8.Define the following terms: Hyphae- Tube like structures with a rigid cell wall that protects the cell membrane Mycelium- A structure that is composed of intertwined thread-like hyphae. This is the primary structural component of the fungi buried in thhe soil/organic matter that the fungus is living on Septate- Also known as cross-walls, they divide the hyphae into sections giving them the possibility of containing more than one nucleus in addition to the usual organelles found in these cells.
9.What type of morphological features were you able to see in your fungal wet mounts? In your stained preparations? In the wet mount, it was very obvious that the organisms growing on the food were of fungal origins. There was a network of hyphae that was branching out and tangled up around the slide. In the stained preparations, I could see the individual sections that are divided by the septae. Within these sections, if you went up to a higher powered lens, you could see dark little spots which I am assuming are the nuclei. I also saw that there were tiny little buds that were present throughout the hyphae tangle.
10.List the four main classifications of fungi and describe each group Chytridiomycota- The smallest and simplest fungi. They are considered the ancestors of modern fungi and are primarily aquatic organisms. The majority are decomposeres but come can be plant pathogens. Zygomycota- Mostly terrestrial fungi that live in soil or decaying plant and animal matter. They are mainly parasites of plants, insects, and animals. Ascomycota- The largest and most diverse group of fungi that includes the fungal element of lichen and many edible fungi (morels and truffles). Basidiomycota- Producers of spores on a stick or club-like structures and are known as club fungi. Some club fungi are edible but the majority are poisonous.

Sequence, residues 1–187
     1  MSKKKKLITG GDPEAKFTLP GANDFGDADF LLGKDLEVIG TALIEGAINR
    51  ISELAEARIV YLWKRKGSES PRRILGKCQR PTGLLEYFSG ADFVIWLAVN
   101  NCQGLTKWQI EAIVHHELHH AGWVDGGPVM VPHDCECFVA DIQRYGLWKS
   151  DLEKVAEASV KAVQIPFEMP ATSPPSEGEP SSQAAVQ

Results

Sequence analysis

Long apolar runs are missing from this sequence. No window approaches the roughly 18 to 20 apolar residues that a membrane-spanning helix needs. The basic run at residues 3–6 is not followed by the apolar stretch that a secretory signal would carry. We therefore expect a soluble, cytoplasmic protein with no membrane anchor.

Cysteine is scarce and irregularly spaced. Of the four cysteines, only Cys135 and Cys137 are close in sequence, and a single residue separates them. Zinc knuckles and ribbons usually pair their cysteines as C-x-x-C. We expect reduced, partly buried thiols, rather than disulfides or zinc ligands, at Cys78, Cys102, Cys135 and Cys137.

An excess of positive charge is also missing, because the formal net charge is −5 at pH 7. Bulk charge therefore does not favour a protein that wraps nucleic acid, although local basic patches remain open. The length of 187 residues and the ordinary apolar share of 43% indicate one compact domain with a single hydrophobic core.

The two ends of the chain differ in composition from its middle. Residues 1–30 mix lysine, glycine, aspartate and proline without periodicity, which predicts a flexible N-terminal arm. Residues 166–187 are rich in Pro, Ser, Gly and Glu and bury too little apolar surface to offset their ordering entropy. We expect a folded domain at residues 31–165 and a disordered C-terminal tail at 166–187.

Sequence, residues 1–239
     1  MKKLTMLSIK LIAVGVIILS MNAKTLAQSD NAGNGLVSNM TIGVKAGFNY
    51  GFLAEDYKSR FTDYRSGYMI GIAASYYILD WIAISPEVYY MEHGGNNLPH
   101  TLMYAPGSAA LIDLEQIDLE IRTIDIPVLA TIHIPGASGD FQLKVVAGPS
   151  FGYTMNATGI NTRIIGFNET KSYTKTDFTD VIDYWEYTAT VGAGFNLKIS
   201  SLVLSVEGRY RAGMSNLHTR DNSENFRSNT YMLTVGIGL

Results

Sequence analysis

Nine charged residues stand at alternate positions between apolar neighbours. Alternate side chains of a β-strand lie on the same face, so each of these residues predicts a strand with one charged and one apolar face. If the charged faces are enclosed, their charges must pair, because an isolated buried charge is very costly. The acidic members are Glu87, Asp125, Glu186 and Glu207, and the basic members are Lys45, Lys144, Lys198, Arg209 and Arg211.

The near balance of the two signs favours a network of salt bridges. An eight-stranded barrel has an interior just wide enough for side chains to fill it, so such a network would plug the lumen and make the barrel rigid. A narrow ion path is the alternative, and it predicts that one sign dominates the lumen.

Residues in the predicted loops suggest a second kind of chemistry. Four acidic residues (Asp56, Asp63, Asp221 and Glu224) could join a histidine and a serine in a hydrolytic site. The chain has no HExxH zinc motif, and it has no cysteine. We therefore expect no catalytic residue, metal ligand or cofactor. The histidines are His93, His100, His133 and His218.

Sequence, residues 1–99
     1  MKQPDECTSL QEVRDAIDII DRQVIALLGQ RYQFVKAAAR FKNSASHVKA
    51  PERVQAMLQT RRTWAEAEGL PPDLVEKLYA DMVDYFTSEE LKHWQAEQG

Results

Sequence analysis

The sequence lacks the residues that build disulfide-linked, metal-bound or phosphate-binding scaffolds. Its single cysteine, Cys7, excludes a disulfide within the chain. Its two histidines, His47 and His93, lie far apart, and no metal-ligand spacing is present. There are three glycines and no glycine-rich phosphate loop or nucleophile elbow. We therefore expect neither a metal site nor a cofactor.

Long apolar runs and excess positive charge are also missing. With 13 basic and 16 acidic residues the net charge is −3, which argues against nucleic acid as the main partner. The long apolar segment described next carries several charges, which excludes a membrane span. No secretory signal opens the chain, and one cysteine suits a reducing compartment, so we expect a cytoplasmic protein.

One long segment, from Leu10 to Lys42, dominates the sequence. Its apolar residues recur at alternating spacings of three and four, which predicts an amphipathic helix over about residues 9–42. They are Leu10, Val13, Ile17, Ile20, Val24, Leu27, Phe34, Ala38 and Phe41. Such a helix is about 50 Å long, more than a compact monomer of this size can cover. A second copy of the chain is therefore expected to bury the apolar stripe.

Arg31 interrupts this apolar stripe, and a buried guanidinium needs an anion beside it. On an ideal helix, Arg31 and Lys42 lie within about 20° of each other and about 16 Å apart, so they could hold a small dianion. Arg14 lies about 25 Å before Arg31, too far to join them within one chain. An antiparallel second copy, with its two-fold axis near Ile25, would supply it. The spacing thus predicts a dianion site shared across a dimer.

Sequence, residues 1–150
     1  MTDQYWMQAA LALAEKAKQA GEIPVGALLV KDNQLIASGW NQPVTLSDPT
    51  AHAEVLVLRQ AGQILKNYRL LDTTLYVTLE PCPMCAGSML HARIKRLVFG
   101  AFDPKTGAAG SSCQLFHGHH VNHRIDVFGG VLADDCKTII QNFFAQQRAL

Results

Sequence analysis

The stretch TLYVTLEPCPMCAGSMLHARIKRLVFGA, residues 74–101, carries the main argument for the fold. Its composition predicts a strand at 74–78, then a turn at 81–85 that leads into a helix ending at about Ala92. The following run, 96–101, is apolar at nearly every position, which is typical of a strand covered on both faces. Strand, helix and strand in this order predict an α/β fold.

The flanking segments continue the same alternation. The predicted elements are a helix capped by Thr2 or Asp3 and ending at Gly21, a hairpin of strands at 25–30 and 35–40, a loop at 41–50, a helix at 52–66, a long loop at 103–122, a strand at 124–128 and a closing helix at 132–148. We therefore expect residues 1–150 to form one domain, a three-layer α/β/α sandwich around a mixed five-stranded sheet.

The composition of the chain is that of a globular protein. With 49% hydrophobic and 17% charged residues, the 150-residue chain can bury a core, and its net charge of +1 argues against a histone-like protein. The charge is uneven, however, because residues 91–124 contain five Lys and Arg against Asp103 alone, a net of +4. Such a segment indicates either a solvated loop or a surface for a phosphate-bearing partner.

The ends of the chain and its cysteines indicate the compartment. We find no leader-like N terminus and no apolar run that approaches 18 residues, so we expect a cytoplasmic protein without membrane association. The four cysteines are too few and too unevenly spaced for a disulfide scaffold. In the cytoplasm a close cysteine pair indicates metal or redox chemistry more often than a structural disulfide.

11.What fungi would you find in the group Deuteromycota? Deuteromycota has fungi that have lost the ability to reproduce sexually.
12.What is a lichen? Lichens are the symbiotic relationship between a fungus and an algae where the fungus is usually an ascomycete and the algae is usually a cyanobacteria. The fungal partner can’t grow without the algae.
13.Define the following terms: Parasite- An organism that lives off of another living organism without killing or helping the host organism in any way. Saprobe- An organism that uses dead organic matter as a food source. Mutualistic Organism- Organisms that live in close association with another type of organism in a mutually beneficial relationship such as lichens.
14.What are the five common features of fungi? Fungi are heterotrophs and depend on other organisms as a carbon source. The structure of fungi is generally found as a unicellular fungi or as a mycelium. Most fungi have cell walls that are primarily composed of chitin. Fungi acquire their food through absorption which and transport their nutrients from substrate directly through their cell walls. Most fungi reproduce through sexual and asexual routes. Which route is used is determined by the environmental conditions.
Describe the growth on each of your substrates, what were the similarities? The differences?
I chose bread, a strawberry, a slice of tomato, and a square of cheese as my growing substrates. The similarities amongst them was in the general appearance of the mold. Each specimen had mold that was fuzz in appearance and seemed to branch away from a central location and spread throughout the food. A white colour was seen in each of the specimens as well. However, the bread mold had black in it as well as the white which makes me believe that it has different fungi that prefer bread to the other foods. The cheese, strawberry, and tomato all had white fuzzy mold on it. The cheese’s mold was more dispersed throughout the food in a random pattern. The strawberry and the tomato mold looked very similar to one another and grew rather aggressively and covered the whole specimen.
Courtney from Study Moose